“The person may have a scar, but it also means they have a story.”
–Jodi Picoult, The Storyteller
Like most people I know, high school doesn’t necessarily bring pleasant memories. But as someone once said, “Memory is a cruel mistress with whom we must all learn to dance.” So, as an adult, I’ve learned to dance with the fact that my high school years brimmed with awkwardness, frizzy hair, acne, metal braces, and chicken legs. I often heard people say, “She could be so pretty if….”; fill in the blank, it was probably said.
So, in my Sophomore year, when a boy from my science class and I agreed to attend our Sophomore Banquet together, I was so shocked that I had to ask him to confirm twice! I went home and told my parents, called my cousins, and relayed the story to my sisters, all of us giggling with middle-school-giddiness. Preparations were under way almost immediately; my mom gladly took on the responsibility of purchasing, designing, and sewing my dress (which came out beautifully); and I started booking appointments for hair and make-up.
The day of the Banquet finally arrived and my parents, my little sister and I waited in the living room for my date to show up. Mom and Dad bought a video camera specifically for this occasion. I didn’t grow up with a lot of money, so I remember my mom taking extra shifts at the local department store and my dad having to do what mom had to do at home, just so they could purchase the video camera and have this night for me immortalized digitally. My mom created my date’s lei out of tea leaves, elaborately hand-made that took several days to complete because of the exquisiteness of the rose-shaped leaves she would craft into it with baby’s breath flowers. I remember my mom working all night making his lei with her painfully arthritic hands, not complaining one bit because she, too, was excited for the occasion.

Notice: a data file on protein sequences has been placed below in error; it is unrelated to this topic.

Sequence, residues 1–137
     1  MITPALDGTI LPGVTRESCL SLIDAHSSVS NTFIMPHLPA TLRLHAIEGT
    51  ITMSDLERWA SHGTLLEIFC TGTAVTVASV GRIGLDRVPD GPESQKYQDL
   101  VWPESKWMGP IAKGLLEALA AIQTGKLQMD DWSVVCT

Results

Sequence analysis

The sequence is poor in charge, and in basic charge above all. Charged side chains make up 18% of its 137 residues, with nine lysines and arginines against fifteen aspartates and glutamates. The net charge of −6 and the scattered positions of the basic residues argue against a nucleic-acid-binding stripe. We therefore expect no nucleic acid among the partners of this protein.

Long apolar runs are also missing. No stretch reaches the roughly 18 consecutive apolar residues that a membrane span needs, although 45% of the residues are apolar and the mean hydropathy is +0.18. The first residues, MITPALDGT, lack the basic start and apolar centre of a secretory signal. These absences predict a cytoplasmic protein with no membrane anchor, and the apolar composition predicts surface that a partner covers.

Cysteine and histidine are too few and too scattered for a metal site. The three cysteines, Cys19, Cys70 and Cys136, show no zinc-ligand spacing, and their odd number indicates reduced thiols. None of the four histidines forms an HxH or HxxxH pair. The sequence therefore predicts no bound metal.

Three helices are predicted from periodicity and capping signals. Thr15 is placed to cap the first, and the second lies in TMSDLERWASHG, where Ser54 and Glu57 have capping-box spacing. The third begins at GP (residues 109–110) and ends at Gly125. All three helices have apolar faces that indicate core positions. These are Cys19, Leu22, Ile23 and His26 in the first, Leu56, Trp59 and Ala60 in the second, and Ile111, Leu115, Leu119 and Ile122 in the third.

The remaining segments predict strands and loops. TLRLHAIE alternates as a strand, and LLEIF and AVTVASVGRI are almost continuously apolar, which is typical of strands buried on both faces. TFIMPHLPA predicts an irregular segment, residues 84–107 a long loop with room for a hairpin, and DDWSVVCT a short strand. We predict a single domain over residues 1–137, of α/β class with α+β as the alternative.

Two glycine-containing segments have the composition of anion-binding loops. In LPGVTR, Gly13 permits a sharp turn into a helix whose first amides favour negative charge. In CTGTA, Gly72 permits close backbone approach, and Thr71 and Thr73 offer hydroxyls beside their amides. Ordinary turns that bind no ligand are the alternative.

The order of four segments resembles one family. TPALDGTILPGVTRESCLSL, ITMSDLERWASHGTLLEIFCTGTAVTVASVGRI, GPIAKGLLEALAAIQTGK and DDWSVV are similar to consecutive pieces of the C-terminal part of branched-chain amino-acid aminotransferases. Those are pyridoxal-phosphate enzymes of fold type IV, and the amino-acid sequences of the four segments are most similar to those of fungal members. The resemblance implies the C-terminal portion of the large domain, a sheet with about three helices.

Video camera on hand, we waited.
Five minutes passed.
Ten minutes turned to 30 minutes.
I called his home and his mom told me he had left nearly an hour ago. I stepped outside to see if my date’s car was wandering around my neighborhood. Maybe he was lost, I thought. When another 30 minutes passed, my dad joined me outside. He stood next to me and remained silent as we both watched the Maui sun start to set. We both knew I wasn’t going to a banquet that night, but I was too upset to cry; I needed to keep my dignity intact. Mama always said that boys weren’t worth crying over.
“Let’s go get ice cream,” my dad finally says.
My Dad starts walking to his car and I can’t help but see how this hurts him. My parents had me late in their life. As the 6th child of 7, my dad was 45 years old by the time I came along. As a small child hugging his knees or asking to be carried, I always saw him as a tall, large figure full of authority and respect. But on this night, he seemed frail, defeated…and small. I followed his slightly hunched-over body to his car, walking silently behind the slight shuffling of his gait; he carrying the weight of my embarrassment and disappointment; while I carried the long part of my dress, as if going out for ice cream with a dress like that, full make-up, and flowers in perfectly coiffed hair was entirely normal.